This instrument is used to objectively measure the color of a surface. This is a useful measurement in experiments examining surface appearance changes before and after treatments or weathering. We commonly use calculations from these data to determine the absolute change in a sample’s color across the duration of an experiment.

Konica Minolta Chromometer 400 

Alex Beard using colorimeter in a sensor-up configuration

This instrument can be used to take color measurements relative to a variety of color-spaces used for identification, including (but not limited to) L*a*b*, Munsell, Hunter Lab, and XYZ.  We most commonly use the L*a*b* measurement parameters, which describes a surface’s color relative to the brightness-darkness axis (L*), the red-green color axis (a*) and the yellow-blue color axis (b*).  This provides an objective measure of color in three values, which can locate the color in three-dimensional space.  The L* values range from 100 (bright) to 0 (dark); the color axes have positive or negative numbers toward each of the color extremes, with 0 being neutral gray.  When we take measurements at multiple points throughout an experiment, we can calculate the absolute change in color.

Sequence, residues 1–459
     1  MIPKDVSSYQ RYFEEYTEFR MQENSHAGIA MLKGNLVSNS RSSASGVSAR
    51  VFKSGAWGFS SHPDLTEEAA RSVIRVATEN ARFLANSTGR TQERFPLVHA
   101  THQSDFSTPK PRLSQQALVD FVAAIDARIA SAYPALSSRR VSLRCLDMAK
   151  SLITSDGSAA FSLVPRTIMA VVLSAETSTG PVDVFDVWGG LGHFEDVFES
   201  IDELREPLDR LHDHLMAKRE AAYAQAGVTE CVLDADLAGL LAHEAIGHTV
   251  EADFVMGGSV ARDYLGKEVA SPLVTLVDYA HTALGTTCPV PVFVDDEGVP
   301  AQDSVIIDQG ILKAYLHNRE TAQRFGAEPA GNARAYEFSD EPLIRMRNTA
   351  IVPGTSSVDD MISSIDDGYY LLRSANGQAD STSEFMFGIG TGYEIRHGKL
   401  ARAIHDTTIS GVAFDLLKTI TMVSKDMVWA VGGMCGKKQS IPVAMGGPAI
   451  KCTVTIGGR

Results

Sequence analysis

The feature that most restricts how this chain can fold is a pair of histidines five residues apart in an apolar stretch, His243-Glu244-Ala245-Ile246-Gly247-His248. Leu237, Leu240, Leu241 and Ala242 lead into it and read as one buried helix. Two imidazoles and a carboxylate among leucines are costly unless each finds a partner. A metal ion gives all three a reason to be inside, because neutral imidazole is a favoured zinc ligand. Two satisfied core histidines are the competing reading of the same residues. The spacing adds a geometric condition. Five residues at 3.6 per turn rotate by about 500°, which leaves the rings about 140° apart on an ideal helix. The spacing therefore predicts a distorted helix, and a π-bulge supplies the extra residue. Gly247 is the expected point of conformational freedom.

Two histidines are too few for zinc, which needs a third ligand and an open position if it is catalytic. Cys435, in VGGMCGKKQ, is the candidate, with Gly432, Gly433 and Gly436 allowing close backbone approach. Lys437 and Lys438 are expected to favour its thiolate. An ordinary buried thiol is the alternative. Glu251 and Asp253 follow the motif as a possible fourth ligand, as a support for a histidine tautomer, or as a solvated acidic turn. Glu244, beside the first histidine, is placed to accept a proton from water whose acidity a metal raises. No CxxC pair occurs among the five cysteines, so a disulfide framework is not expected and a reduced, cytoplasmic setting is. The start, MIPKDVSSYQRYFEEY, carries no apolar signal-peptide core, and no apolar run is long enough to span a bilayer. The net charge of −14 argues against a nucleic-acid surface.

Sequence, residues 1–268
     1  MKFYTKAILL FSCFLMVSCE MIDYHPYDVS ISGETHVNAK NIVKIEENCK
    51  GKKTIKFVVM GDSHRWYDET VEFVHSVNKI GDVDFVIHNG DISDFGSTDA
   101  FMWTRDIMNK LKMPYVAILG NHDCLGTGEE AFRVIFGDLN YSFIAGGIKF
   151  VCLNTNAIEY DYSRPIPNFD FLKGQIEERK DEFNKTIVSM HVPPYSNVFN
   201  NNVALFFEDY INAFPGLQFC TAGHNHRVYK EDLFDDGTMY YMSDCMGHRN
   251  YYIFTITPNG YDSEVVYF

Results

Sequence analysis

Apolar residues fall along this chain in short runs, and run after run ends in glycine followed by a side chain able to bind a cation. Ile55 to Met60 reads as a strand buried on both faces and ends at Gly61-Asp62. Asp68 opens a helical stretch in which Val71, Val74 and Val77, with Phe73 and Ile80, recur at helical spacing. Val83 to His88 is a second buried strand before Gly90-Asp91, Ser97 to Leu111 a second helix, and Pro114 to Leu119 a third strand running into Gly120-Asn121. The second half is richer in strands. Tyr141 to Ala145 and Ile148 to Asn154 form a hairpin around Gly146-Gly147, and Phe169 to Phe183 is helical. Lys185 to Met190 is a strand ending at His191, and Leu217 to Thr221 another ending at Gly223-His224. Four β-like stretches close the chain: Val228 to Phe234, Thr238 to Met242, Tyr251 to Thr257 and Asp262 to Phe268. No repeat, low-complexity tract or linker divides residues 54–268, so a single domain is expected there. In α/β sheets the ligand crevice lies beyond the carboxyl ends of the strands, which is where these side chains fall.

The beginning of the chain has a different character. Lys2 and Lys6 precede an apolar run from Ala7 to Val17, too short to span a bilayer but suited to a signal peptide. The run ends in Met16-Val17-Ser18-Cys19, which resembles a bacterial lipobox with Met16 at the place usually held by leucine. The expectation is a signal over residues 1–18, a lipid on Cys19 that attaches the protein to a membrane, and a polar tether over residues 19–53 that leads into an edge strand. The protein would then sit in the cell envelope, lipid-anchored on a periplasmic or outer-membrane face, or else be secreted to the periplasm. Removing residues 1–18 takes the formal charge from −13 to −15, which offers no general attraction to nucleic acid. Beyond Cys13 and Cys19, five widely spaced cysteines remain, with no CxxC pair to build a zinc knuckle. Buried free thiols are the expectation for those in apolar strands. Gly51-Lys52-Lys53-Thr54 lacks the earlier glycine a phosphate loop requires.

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Graphical representation of the three axes measured by the chromameter

The Konica Miolta Chomometer is one of our most regularly used instruments and is currently being used in studies of crude oil removal from historic materials, herbicide effects on building materials, and aging of adhesives used in fossil conservation.

 

 

 

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National Center for Preservation Technology and Training
645 University Parkway
Natchitoches, LA 71457

Email: ncptt[at]nps.gov
Phone: (318) 356-7444
Fax: (318) 356-9119